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12 May, 2020 Open access

Ending Coronavirus Job Retention Scheme too soon risks second surge in unemployment, says Resolution Foundation

New report calls for scheme to be extended to partial furloughs, with employers contributing to furloughed workers’ wages

Ending the Coronavirus Job Retention Scheme (CJRS) too soon risks a second surge in unemployment, according to a new report from the Resolution Foundation.

In Getting Britain working (safely) again - The next phase of the Coronavirus Job Retention Scheme, published today ahead of the announcement from Chancellor Rishi Sunak on the future of the scheme, the Resolution Foundation argues that, while the CJRS has helped the UK to avoid depression-era levels of unemployment, decisions about its future are much more complex than it’s 'relatively straightforward' introduction, and that -

'Moving too quickly could cause a second surge in unemployment, while moving too slowly would fail to support the recovery.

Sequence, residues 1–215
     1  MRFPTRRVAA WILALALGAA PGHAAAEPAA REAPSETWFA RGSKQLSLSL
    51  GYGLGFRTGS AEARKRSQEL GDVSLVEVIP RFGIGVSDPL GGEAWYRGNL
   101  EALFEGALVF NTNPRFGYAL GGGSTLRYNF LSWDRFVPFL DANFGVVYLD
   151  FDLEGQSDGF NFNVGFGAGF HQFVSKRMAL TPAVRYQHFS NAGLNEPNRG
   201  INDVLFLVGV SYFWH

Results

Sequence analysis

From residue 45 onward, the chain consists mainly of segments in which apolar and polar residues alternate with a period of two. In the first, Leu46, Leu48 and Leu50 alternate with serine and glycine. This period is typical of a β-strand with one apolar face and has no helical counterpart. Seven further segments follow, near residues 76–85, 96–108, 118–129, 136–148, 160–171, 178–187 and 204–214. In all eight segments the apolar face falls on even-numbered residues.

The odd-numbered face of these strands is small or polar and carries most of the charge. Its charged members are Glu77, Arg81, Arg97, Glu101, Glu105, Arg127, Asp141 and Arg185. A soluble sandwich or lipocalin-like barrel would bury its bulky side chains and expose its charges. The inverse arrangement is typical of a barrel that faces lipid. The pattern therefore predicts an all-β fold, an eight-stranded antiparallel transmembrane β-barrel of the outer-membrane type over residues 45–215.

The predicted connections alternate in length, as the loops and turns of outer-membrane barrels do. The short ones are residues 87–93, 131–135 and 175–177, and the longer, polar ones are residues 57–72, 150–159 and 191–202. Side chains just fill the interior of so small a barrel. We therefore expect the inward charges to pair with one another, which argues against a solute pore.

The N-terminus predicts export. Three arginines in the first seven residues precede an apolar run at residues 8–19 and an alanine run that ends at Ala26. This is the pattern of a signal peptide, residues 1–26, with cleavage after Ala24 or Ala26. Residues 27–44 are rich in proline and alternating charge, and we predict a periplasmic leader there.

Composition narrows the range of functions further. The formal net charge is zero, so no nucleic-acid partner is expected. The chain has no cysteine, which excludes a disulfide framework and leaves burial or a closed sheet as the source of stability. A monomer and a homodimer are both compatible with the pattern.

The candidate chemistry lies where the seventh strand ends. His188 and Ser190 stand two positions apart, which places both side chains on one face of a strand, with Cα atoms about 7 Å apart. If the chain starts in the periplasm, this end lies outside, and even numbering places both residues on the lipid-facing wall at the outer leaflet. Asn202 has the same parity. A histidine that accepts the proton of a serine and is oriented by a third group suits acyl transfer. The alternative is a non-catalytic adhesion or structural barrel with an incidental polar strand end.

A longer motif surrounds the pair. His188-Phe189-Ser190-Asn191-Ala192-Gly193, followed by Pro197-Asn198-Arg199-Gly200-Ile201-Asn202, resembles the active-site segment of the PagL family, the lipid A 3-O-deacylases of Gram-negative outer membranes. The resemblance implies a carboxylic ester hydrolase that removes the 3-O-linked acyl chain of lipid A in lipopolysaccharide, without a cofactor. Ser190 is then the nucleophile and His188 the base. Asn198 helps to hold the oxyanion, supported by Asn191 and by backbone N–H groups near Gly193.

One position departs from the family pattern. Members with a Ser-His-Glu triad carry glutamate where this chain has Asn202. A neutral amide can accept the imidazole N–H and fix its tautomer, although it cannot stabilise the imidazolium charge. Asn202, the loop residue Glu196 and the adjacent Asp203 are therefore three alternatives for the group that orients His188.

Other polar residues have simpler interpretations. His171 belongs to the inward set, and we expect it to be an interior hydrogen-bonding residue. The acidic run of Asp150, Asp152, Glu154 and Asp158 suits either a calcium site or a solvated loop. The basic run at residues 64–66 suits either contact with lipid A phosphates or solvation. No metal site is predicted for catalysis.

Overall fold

The mass unemployment risk of moving too quickly is particularly high as the sectors of the economy that hired new workers during the last crisis – hospitality and retail, which accounted for one in five job entries in 2010 and 2011 – are among the hardest-hit this time around.'

To avoid the risk of a further spike in unemployment, the Resolution Foundation therefore makes a number of recommendations, including that -

Commenting on the report, Resolution Foundation Chief Executive Torsten Bell said -

'The government should reject calls to swiftly end the CJRS. Moving too quickly could spark a huge second surge in job losses at a time when unemployment already looks set to be at the highest level for a quarter of a century....

The retention scheme could end up costing almost £50 billion. That’s a huge sum – but money well spent given the huge threat posed to our health, economy and living standards by this pandemic.

This policy has made a huge difference in this crisis. It now needs careful and gradual change to ensure the benefits it has provided are secured rather than squandered'

For more information, see Ending the Job Retention Scheme too soon risks a second surge in unemployment from